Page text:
• No in-lieu fee option for affordable units

Apartment Building

Apartment Building

Requirement 3: Existing Affordable Units

  • Required by Senate Bill 330 for all new development
  • Project must replace equivalently-sized existing (within the past five years) affordable units
  • Replacement units can count towards the 20 percent required affordable units (i.e., Requirement 2)

Requirement 4: Neighborhood Amenities

  • Project may pay $9 per square foot of lot area into the Neighborhood Enhancement Fund; or
  • Construct an on-site public promenade on a premises 25,000 square feet or larger with at least 200 linear feet of street frontage
  • Funds collected will be divided evenly between the Community Planning Area where the development is built and a Community of Concern, which means a census tract that has been identified as having very low or low access to opportunity as identified in the San Diego Climate Equity Index

Apartment Playground

Building Patio

Requirement 5: Design

Project must meet design requirements, including:​

  • Implementing pedestrian-supportive design​
  • Meeting bulk standards for buildings over 90 feet​
  • Buffering from adjacent freeways, and​

  • Meeting the Climate Acton Plan consistency checklist



Incentive 1: Permit Process

  • ​By-right project approval with limited exceptions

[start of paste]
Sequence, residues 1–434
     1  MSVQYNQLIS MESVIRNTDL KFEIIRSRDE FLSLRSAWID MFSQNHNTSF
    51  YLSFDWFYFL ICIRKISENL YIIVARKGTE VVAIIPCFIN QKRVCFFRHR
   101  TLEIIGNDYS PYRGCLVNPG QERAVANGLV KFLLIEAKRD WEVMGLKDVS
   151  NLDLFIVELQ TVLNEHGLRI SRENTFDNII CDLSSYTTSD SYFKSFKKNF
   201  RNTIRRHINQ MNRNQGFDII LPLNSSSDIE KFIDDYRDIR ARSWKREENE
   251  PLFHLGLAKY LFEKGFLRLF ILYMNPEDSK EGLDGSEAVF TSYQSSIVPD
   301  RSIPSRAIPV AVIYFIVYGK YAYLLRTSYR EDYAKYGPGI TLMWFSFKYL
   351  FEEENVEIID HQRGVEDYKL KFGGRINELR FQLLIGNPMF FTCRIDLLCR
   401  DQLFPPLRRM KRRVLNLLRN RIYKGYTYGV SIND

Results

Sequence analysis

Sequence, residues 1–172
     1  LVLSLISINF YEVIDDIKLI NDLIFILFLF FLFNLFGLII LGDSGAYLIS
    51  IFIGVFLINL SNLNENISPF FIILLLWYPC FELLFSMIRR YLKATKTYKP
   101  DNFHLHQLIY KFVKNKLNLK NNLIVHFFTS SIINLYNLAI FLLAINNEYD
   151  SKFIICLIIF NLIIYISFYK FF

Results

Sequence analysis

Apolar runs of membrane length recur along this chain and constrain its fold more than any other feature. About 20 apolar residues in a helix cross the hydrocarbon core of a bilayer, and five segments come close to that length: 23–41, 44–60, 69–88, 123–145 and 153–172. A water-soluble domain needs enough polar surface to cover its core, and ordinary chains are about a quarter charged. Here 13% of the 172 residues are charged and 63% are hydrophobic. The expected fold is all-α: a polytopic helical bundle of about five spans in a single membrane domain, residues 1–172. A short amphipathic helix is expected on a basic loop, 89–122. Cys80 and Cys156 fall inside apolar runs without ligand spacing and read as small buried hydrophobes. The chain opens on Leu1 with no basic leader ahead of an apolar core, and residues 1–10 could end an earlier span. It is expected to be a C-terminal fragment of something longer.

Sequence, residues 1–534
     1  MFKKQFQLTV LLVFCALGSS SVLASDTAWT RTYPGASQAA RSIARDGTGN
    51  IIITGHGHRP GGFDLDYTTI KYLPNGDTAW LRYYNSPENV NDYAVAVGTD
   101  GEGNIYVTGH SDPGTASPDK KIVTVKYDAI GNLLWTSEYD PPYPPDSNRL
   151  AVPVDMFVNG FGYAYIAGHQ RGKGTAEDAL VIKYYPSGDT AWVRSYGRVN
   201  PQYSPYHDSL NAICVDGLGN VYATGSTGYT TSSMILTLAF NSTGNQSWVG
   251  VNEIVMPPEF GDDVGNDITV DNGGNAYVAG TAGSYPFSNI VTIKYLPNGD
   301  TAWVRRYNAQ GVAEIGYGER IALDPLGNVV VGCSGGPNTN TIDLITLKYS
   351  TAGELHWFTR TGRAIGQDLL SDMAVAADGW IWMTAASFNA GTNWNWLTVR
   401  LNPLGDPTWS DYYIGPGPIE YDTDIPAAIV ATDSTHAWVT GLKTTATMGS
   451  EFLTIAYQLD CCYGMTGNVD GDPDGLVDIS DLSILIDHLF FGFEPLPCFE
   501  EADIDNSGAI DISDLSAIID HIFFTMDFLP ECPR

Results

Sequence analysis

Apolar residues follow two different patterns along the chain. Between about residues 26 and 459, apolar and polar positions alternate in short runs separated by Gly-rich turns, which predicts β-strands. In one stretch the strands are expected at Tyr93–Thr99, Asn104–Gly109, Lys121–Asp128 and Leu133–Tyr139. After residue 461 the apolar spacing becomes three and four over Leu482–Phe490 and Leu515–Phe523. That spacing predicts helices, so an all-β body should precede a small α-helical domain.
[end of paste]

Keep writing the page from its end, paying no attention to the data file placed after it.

• Exceptions, for example, include environmentally sensitive lands and property listed in the California Register of Historical Resources for which there is no feasible method to satisfactorily mitigate or avoid the specific adverse impact

Incentive 2: Density

Project may construct as many units as allowed by floor area ratio (FAR) and Building Code minimums

Limits are determined by FAR Tier

  • FAR Tier 1: Unlimited (downtown)
  • FAR Tier 2: 8.0 (urban core)

  • FAR Tier 3: 4.0 (urbanizing TPAs)

Construction Building
Incentive Map

Incentive 3: Height

  • Project height is governed by FAR
  • Height limitations remain in the Coastal Zone and Coastal Height Limit Overlay Zone

Incentive 4: Incentives & Waivers

  • Project may use Affordable Housing Incentives and Waivers (consistent with California Density Bonus Law incentives and waivers, which are provided based on the percentage of affordable units provided)
  • These help projects have greater flexibility with project design and implementation because lot size, topography, and access can be further constrained by development regulations

The Californian
Incentive 5

Incentive 5: Development Impact Fees

Project may construct as many units as allowed by floor area ratio (FAR) and Building Code minimums

Limits are determined by FAR Tier

  • Development Impact Fees (DIF) are scaled based on square footage
  • DIF is currently calculated based on the number of units

  • Scaling the DIF makes it easier to build more small units

  • Affordable units are exempt from DIF

Share your thoughts

The Housing Solutions survey closed June 15, 2020.